Wednesday, May 15, 2013


Eastern Oregon's Epochal Buildings and Rock Formations 



The prospects of viewing dynamic scenery when driving south through Eastern Oregon have become a magnet for Darlene, Nora the Schnauzer and me.
Well, actually, I can’t speak for Nora. She does press a nose to the window most of the way.
Then we face a variety of scenic drives from a base camp in in Burns/Hines and a choice between rousing routes for the drive home again.
From Pilot Rock we cruise Highway 395 to the park on Battle Mountain before one of us (like Nora) needs a break.
It’s a pleasant pause in the spring with yellow avalanche lilies glowing on green grass and brown needles beneath ponderosa pines.


From there we leisurely wind our way across wide valleys with willow-hedged streams and, at altitudes of 4,000-plus to 5,000-plus, over woody mountain passes.
We pass numerous old buildings with weathered, unpainted boards or rough-hewn logs that reflect austere lives lived during at least a century past.
I’ve yearned to photograph those buildings. Especially those in Fox,  a demure hamlet between Long Creek and John Day, but I’ve hesitated to stop.
So, I stopped.
I strolled along the road and took photos. Later I turned some of the shots into black-and-white images in Photoshop. The buildings looked even more austere.







Not, however, as austere as rock formations stretching back perhaps a zillion years. And not quite as melancholy.  Or somber.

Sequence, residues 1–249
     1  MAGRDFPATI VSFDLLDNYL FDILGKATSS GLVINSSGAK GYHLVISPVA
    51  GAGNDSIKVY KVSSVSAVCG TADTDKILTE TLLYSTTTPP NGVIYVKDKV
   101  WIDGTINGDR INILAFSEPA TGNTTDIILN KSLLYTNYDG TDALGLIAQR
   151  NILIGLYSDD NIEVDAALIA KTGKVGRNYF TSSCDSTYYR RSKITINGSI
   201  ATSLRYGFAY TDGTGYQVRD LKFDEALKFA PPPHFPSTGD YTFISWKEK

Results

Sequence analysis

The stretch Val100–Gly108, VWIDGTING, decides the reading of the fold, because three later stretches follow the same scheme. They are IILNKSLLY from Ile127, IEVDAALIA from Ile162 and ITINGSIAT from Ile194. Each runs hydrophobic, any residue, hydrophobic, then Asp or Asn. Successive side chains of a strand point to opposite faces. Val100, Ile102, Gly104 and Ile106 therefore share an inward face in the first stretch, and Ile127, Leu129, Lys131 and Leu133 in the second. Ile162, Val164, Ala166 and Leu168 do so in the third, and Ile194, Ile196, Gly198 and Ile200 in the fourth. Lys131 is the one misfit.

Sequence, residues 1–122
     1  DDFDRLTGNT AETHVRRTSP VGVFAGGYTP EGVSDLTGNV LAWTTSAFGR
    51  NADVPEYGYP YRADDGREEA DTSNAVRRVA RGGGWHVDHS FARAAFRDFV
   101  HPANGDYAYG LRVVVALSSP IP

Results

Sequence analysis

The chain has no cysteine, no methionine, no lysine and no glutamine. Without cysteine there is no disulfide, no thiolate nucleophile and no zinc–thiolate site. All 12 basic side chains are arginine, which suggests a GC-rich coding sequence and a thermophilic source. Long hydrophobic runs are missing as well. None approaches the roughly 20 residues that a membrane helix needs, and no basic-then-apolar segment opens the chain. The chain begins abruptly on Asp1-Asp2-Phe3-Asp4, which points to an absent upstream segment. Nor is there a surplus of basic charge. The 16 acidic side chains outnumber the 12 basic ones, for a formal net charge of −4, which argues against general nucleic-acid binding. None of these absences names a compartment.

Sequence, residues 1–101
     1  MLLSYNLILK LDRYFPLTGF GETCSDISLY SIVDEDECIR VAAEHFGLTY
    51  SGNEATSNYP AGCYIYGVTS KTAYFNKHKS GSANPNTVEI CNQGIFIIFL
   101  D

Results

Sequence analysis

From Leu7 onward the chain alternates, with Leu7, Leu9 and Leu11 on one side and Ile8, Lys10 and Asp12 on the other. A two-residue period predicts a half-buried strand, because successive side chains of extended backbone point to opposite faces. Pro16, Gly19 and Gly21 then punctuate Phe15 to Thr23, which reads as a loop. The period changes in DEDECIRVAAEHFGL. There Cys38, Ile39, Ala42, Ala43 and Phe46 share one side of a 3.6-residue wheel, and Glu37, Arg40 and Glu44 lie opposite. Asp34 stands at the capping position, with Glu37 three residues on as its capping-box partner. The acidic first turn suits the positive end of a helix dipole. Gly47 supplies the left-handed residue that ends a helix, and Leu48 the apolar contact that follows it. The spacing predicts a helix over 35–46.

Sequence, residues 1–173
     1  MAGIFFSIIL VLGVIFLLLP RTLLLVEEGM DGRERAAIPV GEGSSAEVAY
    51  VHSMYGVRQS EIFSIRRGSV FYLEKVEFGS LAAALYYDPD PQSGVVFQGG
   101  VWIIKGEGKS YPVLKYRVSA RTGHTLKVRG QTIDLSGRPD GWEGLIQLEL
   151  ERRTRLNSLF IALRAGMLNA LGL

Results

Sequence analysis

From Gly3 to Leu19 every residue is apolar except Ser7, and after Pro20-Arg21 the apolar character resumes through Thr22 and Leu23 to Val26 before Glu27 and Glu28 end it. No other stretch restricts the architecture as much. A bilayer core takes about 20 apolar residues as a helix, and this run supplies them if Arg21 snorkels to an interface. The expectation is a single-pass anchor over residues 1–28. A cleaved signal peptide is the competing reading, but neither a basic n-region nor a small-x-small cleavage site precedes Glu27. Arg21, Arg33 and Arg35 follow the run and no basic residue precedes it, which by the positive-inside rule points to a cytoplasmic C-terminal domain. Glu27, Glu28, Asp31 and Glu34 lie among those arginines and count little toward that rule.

Along with last-century buildings, these eye-catching basalt spires and rough rim-rocks appear all along Highway 395 and especially along Highway 205 between Burns and Frenchglen where Suburban-sized blocks of  columnar basalt lie in  tumbles beneath three-story cliffs south of the Diamond Craters turnoff.




Occasionally a western fence lizard does pushups on one of the boulders.

Isolated forms also draw attention, such as the bear- or pig-shaped rock near the Buena Vista Overlook, also off of Highway 205.



Well, of course the main reason for a trip to Burns during the spring involves migrating birds that visit the Malheur National Wildlife Refuge.
And those that stick around.
We did that with intensity every day, then we headed home again, with a 7 a.m. start.
An hour later at John Day, we realized we could be home at lunchtime, and miss some dramatic Eastern Oregon scenery.
So, we turned westward and detoured through a portion of the John Day Fossil Beds National Monument.



North again off of Highway 19, I stopped to ogle Cathedral Rock.








Nora and I strolled the trail into the “Island in Time” at the Blue Basin Area and along the trails of “Floods of Fire” and “Story in Stone” at the Foree Area.
Those bluish-colored tuff formations date back to the Oligocene Epoch that spanned a period from 28-million to 35-million years ago.
It was a time of giant sea turtles, rhinos, bears, dogs, mountain beaver, oreodonts and a tiny mouse-deer.

We didn’t spend much time on the walks, however. They were short, for one thing, and beneath a pate-pounding sun. I carried water for Nora, but she hurried to sit in every scant shady spot that she saw.
Then we meandered through Kimberly and north on Highway 207. We stopped at a high-mountain meadow north of Sprague with grass widows, shooting stars, avalanche lilies and blue bells galore.
Nora nosed into a hollow log, and I lay flat to photograph the colorful blooms.





From there we reached Hardman where I stopped to photograph more epochal buildings.


Then, at a high windy bluff out of Hardman seven antelope lounged on the west side of the road and six mule deer watched from the east side.
I didn’t sop.
 Lunchtime.
We reached Heppner and, after cruising the main drag twice, we lunched at a sandwich/art shop. The sandwiches, a Heppner Special for me and a roast-beef panini for Darlene, still stir our taste buds.
Actually, I don’t know about Darlene’s buds, but she certainly praised her panini at the time.
Finally, we passed through Pilot Rock and Pendleton and reached home at 7:14 p.m., just in time to unload the gear and hustle-up a bite to eat.
Or take a nap?